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From Wikipedia, the free encyclopedia

← 119  120  121 →
Cardinalone hundred twenty
Ordinal120th
(one hundred twentieth)
Factorization23× 3 × 5
Divisors1, 2, 3, 4, 5, 6, 8, 10, 12, 15, 20, 24, 30, 40, 60, 120
Greek numeralΡΚ´
Roman numeralCXX
Binary11110002
Ternary111103
Quaternary13204
Quinary4405
Senary3206
Octal1708
DuodecimalA012
Hexadecimal7816
Vigesimal6020
Base 363C36
The 120-cell (or hecatonicosachoron) is a convex regular 4-polytope consisting of 120 dodecahedral cells
The 120-cell (or hecatonicosachoron) is a convex regular 4-polytope consisting of 120 dodecahedral cells

120, read as one hundred [and] twenty, is the natural number following 119 and preceding 121.

In the Germanic languages, the number 120 was also formerly known as "one hundred". This "hundred" of six score is now obsolete, but is described as the long hundred or great hundred in historical contexts.[1]

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Transcription

Contents

In mathematics

120 is the factorial of 5 and one less than a square, making (5, 11) a Brown number pair. 120 is the sum of a twin prime pair (59 + 61) and the sum of four consecutive prime numbers (23 + 29 + 31 + 37), four consecutive powers of 2 (8 + 16 + 32 + 64), and four consecutive powers of 3 (3 + 9 + 27 + 81). It is highly composite,[2] superabundant,[3] and colossally abundant number,[4] with its 16 divisors being more than any number lower than it has, and it is also the smallest number to have exactly that many divisors. It is also a sparsely totient number.[5] 120 is the smallest number to appear six times in Pascal's triangle. 120 is also the smallest multiple of 6 with no adjacent prime number, being adjacent to 119 = 7 × 17 and 121 = 112.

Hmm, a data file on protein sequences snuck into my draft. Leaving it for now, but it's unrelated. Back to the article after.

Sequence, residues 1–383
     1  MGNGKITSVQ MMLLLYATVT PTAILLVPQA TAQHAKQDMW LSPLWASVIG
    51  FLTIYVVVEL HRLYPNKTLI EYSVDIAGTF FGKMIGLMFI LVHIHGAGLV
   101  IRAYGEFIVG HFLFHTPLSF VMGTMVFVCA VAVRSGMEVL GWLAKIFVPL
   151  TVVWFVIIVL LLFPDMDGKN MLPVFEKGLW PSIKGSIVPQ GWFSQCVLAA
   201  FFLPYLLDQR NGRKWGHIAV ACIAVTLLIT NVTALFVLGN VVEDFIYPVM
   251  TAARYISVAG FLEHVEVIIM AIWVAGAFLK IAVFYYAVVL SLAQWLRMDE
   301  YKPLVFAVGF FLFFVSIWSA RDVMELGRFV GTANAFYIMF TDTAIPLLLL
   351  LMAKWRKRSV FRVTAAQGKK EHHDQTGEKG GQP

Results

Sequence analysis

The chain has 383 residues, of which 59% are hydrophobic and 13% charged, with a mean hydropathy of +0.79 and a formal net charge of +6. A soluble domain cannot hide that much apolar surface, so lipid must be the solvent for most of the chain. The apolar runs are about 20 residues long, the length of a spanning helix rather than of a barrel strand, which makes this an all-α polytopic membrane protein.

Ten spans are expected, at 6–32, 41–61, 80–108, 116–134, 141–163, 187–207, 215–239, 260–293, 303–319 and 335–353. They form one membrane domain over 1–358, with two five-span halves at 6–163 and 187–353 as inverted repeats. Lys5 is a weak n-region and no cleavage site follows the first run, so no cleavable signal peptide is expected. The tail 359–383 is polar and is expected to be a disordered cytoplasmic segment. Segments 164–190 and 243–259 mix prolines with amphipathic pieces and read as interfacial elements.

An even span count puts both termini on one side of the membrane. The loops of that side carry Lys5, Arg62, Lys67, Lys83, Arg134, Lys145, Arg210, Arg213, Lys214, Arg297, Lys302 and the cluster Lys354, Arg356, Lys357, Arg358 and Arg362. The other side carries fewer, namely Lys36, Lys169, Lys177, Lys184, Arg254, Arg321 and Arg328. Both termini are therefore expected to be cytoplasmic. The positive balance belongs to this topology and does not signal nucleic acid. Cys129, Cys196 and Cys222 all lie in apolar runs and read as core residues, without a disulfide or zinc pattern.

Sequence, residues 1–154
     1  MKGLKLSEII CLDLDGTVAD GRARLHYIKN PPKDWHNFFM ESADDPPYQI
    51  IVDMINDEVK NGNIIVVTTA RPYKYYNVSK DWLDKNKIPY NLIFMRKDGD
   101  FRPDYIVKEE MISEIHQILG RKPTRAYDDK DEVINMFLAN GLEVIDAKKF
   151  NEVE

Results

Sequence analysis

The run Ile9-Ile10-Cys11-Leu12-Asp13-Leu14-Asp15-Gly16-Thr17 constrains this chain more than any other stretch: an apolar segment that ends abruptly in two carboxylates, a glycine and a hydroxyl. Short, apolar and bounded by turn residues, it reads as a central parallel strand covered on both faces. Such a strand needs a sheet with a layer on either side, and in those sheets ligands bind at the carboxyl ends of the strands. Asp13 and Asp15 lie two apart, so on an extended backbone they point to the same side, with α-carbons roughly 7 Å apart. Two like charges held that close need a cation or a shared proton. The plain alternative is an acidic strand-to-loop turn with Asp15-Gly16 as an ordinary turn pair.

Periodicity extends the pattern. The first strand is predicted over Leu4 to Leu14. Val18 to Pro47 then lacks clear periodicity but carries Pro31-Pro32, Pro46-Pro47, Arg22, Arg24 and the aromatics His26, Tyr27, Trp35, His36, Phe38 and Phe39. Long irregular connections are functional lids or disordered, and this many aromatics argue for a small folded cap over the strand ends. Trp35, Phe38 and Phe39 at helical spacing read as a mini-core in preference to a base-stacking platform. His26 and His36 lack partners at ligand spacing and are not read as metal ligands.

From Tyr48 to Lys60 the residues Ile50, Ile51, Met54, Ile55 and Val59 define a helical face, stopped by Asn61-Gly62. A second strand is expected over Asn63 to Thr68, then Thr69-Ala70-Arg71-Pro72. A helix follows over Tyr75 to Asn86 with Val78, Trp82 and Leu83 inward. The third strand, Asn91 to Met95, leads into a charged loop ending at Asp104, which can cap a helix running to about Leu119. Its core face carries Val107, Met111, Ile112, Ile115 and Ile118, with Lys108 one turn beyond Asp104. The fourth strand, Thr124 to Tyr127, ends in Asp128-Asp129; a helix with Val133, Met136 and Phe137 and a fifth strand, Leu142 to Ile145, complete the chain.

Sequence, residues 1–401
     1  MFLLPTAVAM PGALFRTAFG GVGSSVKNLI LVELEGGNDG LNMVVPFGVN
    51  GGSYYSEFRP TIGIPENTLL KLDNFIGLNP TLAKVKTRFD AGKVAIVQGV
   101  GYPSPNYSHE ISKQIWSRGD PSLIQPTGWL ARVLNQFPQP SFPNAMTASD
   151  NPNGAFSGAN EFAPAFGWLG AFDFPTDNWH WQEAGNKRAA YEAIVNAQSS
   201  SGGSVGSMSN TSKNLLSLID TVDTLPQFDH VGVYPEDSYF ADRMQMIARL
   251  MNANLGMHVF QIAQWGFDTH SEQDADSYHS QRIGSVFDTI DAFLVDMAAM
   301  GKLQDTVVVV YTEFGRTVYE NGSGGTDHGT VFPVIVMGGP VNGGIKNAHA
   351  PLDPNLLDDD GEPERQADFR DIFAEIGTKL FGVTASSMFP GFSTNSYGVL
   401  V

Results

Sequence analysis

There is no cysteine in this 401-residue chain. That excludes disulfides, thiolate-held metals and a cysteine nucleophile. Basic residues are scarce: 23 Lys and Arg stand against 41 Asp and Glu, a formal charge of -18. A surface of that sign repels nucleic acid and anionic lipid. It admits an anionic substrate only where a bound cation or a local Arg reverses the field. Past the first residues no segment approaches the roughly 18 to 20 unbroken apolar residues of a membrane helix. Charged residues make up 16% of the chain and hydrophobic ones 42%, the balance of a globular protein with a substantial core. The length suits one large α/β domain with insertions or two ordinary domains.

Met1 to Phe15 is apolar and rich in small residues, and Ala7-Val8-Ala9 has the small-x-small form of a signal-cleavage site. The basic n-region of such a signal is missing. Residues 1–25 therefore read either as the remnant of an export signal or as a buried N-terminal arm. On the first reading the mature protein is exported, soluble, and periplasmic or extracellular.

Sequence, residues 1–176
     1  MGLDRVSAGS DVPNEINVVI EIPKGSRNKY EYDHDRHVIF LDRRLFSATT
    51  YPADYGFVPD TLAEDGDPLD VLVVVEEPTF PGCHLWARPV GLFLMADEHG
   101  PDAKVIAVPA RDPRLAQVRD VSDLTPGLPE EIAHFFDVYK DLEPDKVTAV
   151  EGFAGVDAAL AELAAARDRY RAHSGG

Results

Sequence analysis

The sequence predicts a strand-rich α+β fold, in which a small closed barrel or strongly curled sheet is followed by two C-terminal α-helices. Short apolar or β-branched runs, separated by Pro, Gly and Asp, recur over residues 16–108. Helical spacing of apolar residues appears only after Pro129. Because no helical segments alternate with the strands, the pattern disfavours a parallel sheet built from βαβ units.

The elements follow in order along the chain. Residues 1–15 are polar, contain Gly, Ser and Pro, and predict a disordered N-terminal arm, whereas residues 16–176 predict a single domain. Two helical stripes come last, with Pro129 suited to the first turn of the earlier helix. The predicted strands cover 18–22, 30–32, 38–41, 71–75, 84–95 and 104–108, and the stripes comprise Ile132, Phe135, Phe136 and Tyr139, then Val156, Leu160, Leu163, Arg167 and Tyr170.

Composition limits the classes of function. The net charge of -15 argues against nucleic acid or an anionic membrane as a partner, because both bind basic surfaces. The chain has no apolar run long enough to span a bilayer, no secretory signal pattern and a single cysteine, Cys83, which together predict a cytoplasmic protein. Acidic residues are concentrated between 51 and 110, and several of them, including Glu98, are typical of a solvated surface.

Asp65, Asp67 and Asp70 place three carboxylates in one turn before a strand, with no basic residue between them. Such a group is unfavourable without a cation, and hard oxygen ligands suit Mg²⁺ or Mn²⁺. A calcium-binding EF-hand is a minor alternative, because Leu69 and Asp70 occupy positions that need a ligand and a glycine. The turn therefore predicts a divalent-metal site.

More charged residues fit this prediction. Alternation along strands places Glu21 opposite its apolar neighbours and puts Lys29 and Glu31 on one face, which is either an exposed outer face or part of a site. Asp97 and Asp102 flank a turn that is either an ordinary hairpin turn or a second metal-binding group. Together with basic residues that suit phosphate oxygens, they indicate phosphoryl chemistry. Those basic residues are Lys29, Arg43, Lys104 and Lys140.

It is the eighth hexagonal number and the fifteenth triangular number, as well as the sum of the first eight triangular numbers, making it also a tetrahedral number. 120 is divisible by the first 5 triangular numbers and the first 4 tetrahedral numbers.

120 is the first multiply perfect number of order three (a 3-perfect or triperfect number).[6] The sum of its factors (including one and itself) sum to 360; exactly three times 120. Note that perfect numbers are order two (2-perfect) by the same definition.

120 is divisible by the number of primes below it, 30 in this case. However, there is no integer which has 120 as the sum of its proper divisors, making 120 an untouchable number.

The sum of Euler's totient function φ(x) over the first nineteen integers is 120.

120 figures in Pierre de Fermat's modified Diophantine problem as the largest known integer of the sequence 1, 3, 8, 120. Fermat wanted to find another positive integer that multiplied with any of the other numbers in the sequence yields a number that is one less than a square. Leonhard Euler also searched for this number, but failed to find it, but did find a fractional number that meets the other conditions, 777480/28792.

The internal angles of a regular hexagon (one where all sides and all angles are equal) are all 120 degrees.

120 is a Harshad number in base 10.[7]

In science

120 is the atomic number of Unbinilium, an element yet to be discovered.

In religion

In sports

In other fields

120 is also:

See also

References

  1. ^ Gordon, E V (1957). Introduction to Old Norse. Oxford: Claredon Press. pp. 292–293. Archived from the original on 2016-04-15. Retrieved 2018-06-20.
  2. ^ "Sloane's A002182 : Highly composite numbers". The On-Line Encyclopedia of Integer Sequences. OEIS Foundation. Retrieved 2016-05-27.
  3. ^ "Sloane's A004394 : Superabundant numbers". The On-Line Encyclopedia of Integer Sequences. OEIS Foundation. Retrieved 2016-05-27.
  4. ^ "Sloane's A004490 : Colossally abundant numbers". The On-Line Encyclopedia of Integer Sequences. OEIS Foundation. Retrieved 2016-05-27.
  5. ^ "Sloane's A036913 : Sparsely totient numbers". The On-Line Encyclopedia of Integer Sequences. OEIS Foundation. Retrieved 2016-05-27.
  6. ^ "Sloane's A005820 : 3-perfect numbers". The On-Line Encyclopedia of Integer Sequences. OEIS Foundation. Retrieved 2016-05-27.
  7. ^ "Sloane's A005349 : Niven (or Harshad) numbers". The On-Line Encyclopedia of Integer Sequences. OEIS Foundation. Retrieved 2016-05-27.
  8. ^ "Astrology And The Black Man". Afro American. January 31, 1970. Retrieved December 30, 2010.
  9. ^ The Game Court, National Basketball Association, retrieved 2014-04-07.
  10. ^ Porter, Darwin; Danforth Prince (2009). Frommer's Austria. Hoboken, New Jersey: Frommer's. p. 482. ISBN 978-0-470-39897-5.
This page was last edited on 3 April 2019, at 18:10
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